Britain in numbers

  1. Elections
March 16, 2022

Is Labour ready to win elections again?

See how Labour stacks up on the key indicators of whether a party will win or lose the next election

The latest polls

In 2010 through to 2015, Labour had a lead in the opinions polls. At some stages those leads were as big as 12 percentage points, enough to give the party a landslide victory. Yet it was not to be. The Conservatives won the 2015 general election with a substantial lead over Labour in the popular vote.

Opinion polls tell you which party is in the lead, but they should not be taken as the sole predictor of election results. What you also need is an understanding of some “fundamental” indicators of public opinion that can show how “healthy” that lead may be. Labour may be ahead, but is its leader ahead, too? And how does that leader stack up against the incumbent prime minister? Not only that, but does Labour command credibility on the ever-present issue of the economy?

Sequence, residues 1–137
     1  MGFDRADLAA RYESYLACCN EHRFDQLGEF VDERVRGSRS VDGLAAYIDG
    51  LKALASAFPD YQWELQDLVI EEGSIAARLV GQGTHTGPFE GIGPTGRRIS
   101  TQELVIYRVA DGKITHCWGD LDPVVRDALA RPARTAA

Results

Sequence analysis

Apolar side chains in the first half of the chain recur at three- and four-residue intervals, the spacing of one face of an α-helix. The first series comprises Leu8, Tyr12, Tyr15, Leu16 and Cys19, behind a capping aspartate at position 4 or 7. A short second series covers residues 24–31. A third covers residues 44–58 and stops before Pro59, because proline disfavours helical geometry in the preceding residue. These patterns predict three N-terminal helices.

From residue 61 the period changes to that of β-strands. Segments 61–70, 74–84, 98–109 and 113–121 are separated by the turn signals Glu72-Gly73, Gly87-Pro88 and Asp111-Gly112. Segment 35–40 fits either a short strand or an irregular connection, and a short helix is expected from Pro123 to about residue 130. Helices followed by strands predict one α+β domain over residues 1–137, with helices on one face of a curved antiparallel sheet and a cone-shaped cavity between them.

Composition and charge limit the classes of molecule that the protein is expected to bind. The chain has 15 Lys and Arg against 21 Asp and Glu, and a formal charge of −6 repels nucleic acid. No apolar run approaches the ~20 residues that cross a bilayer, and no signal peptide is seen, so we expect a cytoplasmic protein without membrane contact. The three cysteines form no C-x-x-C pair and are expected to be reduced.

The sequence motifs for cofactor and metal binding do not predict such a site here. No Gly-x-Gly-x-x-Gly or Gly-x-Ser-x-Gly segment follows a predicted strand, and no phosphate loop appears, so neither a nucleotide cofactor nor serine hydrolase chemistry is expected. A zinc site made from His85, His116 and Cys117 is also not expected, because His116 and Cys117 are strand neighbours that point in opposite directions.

In Britain, to tip the scales in your favour it is vital that you lead not just in the opinion polls, but the indicators, too.

As the 2015 election campaign wore on, Ed Miliband's Labour Party commanded small, but solid, leads over the Conservatives. His personal ratings, when put up against David Cameron, however, were dire. On very few occasions did Miliband lead Cameron when it came to the public's preference for prime minister, or indeed general feelings of favourability.

Over time this page will track Labour's advantage over the Conservatives, or lack thereof, on these fundamental indicators.